By Elaine Merryfield
A few months ago I told you about my journey with fibromyalgia and how it has affected my personal life; today I’d like to discuss the role fibromyalgia has played in my professional life.
Although my 20-year nursing career was spent in a variety of settings, my favorite roles always incorporated teaching: hospital inpatient education, occupational health consulting relating to hazards of particular industries, outpatient alcohol treatment, and stress management.
The latter proved particularly important. In 1987, I spent six months training in biofeedback techniques and subsequently began to teach these tools myself. Just one year later, I sustained significant injuries in an auto accident and later developed fibromyalgia. Fortunately, my experience with biofeedback and stress management had given me strategies I could use (and still do!) to cultivate mind and body relaxation.
I left nursing as I’d known it in the mid-90s, when I finally began to come to terms with my body’s new limitations. But I needed to find a way to earn an income while living with fibromyalgia – to create a new way of working for myself. Fortunately, I was able to utilize my nursing skills in two part-time positions: helping a young family and assisting an older couple. Working with such disparate age groups required me to rely on different strengths and sources of energy, and I sensed that this would also serve to refill my emotional reservoir: I really found joy in working with such different ages! I also slowly began seeing clients individually and in small groups in a private stress-management business. In this way, I was able to have more control of my day-to-day schedule and to have much more flexibility in balancing my fluctuating energy needs.
By 2000, I was ready to return to a more formal healthcare position. For the next ten years, I was a health educator at a local hospital’s community education center. My classes included fibromyalgia education as well as a support group, chronic disease self-management, and of course, stress management. Over time, I found I had enough energy to teach mindfulness-based stress reduction to undergraduates for two fall semesters at Pacific University – again, I relished the opportunity to work with people of all ages.
In spring 2010, I retired from these various commitments. And this year I began teaching periodically at The Studio. This is work I love since it is so close to my own heart. I also maintain my stress-management business and am available to work with individual clients in their homes, especially around areas involving fibromyalgia and chronic pain.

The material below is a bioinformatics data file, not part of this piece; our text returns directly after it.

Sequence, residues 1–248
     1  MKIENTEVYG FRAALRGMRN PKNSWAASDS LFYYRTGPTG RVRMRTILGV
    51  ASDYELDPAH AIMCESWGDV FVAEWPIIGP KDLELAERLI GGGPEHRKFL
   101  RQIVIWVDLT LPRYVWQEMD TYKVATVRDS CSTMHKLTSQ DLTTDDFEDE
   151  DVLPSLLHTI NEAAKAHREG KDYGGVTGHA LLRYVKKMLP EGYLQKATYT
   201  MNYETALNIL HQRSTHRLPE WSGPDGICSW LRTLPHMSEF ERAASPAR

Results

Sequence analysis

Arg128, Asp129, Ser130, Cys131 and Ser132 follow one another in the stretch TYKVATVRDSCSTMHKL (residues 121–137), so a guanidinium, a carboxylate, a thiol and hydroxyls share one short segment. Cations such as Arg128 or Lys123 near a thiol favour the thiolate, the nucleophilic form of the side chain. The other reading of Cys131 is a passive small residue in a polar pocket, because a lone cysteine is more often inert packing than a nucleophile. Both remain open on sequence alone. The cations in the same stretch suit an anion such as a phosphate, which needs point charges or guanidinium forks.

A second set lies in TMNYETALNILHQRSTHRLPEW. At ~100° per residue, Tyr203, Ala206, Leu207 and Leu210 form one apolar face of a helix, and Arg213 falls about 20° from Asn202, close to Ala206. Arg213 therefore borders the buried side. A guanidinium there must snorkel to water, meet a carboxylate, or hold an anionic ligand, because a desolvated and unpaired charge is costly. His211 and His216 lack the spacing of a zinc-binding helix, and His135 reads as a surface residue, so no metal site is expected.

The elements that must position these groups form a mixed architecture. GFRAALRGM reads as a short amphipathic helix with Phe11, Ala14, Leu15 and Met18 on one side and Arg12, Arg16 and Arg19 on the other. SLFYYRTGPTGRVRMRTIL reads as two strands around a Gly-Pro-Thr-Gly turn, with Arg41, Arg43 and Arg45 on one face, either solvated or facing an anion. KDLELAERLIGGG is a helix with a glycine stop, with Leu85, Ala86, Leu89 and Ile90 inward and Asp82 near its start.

It’s important to me to share the stories of my evolving work life, because I know from my own experience that things can get better – even with fibromyalgia. I left nursing, closing a chapter of my life, but I have found deep fulfillment from all the subsequent chapters I have opened. I learned many things about myself and found personal assets I did not realize I possessed during the course of this forced change in my life. Without fibromyalgia, I would be a very different person today. Over time, I hope you find this to be true in your own life as well.
I’ll be away from The Studio much of this summer, but I am teaching two exciting programs this spring, and I’d like to take a moment to describe them.
Although change is the one constant in life, it can be one of the hardest things for us to face. My two-day course, Navigating Life Changes, will focus on the various stages of coming to a place of acceptance when living with a life-altering condition like fibromyalgia. In four hours spread over two Saturdays, we’ll learn new tools to help us in the struggle toward acceptance and talk about ways of caring for ourselves so we can navigate these new paths with less suffering and more skill.
Those of us who have lived with fibromyalgia for many years, as well as those who are newly diagnosed, all have one thing in common: we all feel sometimes like fibromyalgia has taken over our lives! My workshop Introduction to SoulCollage® provides an opportunity for some playtime. You’ll use scissors, glue, and all sorts of images to construct your personal deck of cards to use as a wellness tool: when you look at them, they’ll remind you how rich and multi-faceted your life truly is – putting fibromyalgia into perspective as just a single piece of the whole.
I hope you take the opportunity to join us for one (or both!) of these springtime activities, and I look forward to meeting you soon!